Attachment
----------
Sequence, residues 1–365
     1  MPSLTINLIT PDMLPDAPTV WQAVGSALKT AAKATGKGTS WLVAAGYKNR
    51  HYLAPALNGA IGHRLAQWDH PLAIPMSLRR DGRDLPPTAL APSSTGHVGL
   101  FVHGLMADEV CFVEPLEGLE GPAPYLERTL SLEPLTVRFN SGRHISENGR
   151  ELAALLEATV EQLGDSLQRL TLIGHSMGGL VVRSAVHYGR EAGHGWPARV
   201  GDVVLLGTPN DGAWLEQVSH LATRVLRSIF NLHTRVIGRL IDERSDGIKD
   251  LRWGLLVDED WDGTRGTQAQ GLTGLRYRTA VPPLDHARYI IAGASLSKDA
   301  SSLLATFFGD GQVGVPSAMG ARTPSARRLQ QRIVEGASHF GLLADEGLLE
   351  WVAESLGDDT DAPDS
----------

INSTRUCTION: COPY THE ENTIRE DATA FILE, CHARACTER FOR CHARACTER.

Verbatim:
Sequence, residues 1–365
     1  MPSLTINLIT PDMLPDAPTV WQAVGSALKT AAKATGKGTS WLVAAGYKNR
    51  HYLAPALNGA IGHRLAQWDH PLAIPMSLRR DGRDLPPTAL APSSTGHVGL
   101  FVHGLMADEV CFVEPLEGLE GPAPYLERTL SLEPLTVRFN SGRHISENGR
   151  ELAALLEATV EQLGDSLQRL TLIGHSMGGL VVRSAVHYGR EAGHGWPARV
   201  GDVVLLGTPN DGAWLEQVSH LATRVLRSIF NLHTRVIGRL IDERSDGIKD
   251  LRWGLLVDED WDGTRGTQAQ GLTGLRYRTA VPPLDHARYI IAGASLSKDA
   301  SSLLATFFGD GQVGVPSAMG ARTPSARRLQ QRIVEGASHF GLLADEGLLE
   351  WVAESLGDDT DAPDS